Rollins, who was Mike Huckabee's national campaign director in the 2008 campaign, is an experienced political operative with a well-earned reputation for his tough tactics and willingness to play hardball. He's probably best known for running the 1984 Reagan-Bush reelection campaign, which Reagan won in a landslide.
Rollins will run a campaign that already has a number of experienced advisors on board, including Brett O'Donnell, who advised George W. Bush and John McCain and is considered the best debate coach in politics. Bachmann also has brought on Bob Heckman, who is prominent in the conservative movement.
Sarah Palin is either running for President or she should be: That's the takeaway from "The Undefeated," a new movie about Palin's life and leadership set to hit theaters next month.
Billed as a documentary - though told in a fast-paced and dramatic style - the two-hour movie is an unabashed defense of the former Alaska governor that leaves the distinct impression her presidential candidacy not only is possible, but inevitable.
Stephen Bannon, the movie's creator, took on the project after Palin's aides approached him late last year about making a series of videos on Palin. He proposed a movie instead, and bankrolled it himself. The final product, which I saw last week in a screening for a few reporters, gives Palin the introduction she never really had when the Hockey mom from Wasilla became John McCain's running mate in 2008.Continue »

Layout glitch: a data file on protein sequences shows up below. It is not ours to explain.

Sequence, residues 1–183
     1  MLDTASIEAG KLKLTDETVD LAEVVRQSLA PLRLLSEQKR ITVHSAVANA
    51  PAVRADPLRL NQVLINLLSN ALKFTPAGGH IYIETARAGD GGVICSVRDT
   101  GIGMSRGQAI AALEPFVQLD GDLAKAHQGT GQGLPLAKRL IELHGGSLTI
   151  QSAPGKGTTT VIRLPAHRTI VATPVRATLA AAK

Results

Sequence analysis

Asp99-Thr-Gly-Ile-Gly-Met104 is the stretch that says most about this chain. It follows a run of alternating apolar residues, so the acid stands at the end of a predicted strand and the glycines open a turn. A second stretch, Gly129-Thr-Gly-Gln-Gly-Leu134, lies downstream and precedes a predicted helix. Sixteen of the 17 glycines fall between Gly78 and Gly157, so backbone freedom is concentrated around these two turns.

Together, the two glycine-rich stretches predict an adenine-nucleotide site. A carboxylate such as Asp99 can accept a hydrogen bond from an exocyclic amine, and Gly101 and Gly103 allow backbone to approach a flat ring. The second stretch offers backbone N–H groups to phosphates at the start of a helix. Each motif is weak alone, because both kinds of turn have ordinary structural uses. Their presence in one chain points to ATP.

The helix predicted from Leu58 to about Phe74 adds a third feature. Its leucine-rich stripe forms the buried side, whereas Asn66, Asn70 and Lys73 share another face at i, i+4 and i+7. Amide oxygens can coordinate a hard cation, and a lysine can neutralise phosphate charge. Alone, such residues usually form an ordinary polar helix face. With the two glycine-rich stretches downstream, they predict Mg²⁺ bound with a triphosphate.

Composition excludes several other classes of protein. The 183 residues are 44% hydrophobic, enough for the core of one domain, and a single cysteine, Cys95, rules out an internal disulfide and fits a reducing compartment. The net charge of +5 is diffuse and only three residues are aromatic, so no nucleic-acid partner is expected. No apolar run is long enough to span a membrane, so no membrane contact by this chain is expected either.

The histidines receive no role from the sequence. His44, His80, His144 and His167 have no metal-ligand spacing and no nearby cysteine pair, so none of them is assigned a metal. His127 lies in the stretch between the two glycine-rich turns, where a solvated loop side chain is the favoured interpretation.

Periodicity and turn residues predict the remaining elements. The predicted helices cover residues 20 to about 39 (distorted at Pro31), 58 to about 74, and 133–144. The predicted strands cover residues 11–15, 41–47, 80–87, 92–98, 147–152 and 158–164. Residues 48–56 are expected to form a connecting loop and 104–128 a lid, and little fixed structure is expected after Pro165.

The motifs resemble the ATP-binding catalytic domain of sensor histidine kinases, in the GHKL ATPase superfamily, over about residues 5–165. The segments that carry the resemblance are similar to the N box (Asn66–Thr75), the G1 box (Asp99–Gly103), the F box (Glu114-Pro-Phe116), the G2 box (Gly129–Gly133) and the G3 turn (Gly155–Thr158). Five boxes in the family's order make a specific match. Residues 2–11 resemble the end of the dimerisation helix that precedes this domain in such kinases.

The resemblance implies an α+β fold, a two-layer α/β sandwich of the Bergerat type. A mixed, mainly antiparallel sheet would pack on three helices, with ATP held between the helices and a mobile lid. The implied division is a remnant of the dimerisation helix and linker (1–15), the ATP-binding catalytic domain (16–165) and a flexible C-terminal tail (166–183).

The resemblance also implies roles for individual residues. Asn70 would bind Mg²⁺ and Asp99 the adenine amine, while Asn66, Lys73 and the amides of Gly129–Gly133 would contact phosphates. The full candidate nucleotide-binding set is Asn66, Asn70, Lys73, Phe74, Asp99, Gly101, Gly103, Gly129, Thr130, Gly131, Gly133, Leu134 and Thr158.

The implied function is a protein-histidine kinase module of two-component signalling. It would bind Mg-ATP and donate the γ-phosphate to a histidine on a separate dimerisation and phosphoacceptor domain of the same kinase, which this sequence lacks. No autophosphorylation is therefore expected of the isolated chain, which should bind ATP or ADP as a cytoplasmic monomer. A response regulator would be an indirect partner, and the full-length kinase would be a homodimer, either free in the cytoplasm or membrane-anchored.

Like the police in suburban Kansas City, who recently responded to a rare alligator sighting and took quick action to dispatch the predator, shooting it in the head - twice - while it lay menacingly in the weeds.
Turns out they had mortally wounded a concrete lawn ornament.Continue »
Mitt Romney's announcement today that he's forming an exploratory committee may have caught some by surprise, but the timing is all about -- you guessed it -- money.
With President Obama poised to raise record amounts, Romney's camp realized it needed to start tapping into his network of supporters and raising money now, in the second quarter (which started April 1). They want this time to raise the kind of money the campaign is going to require.
Watch Romney's video below: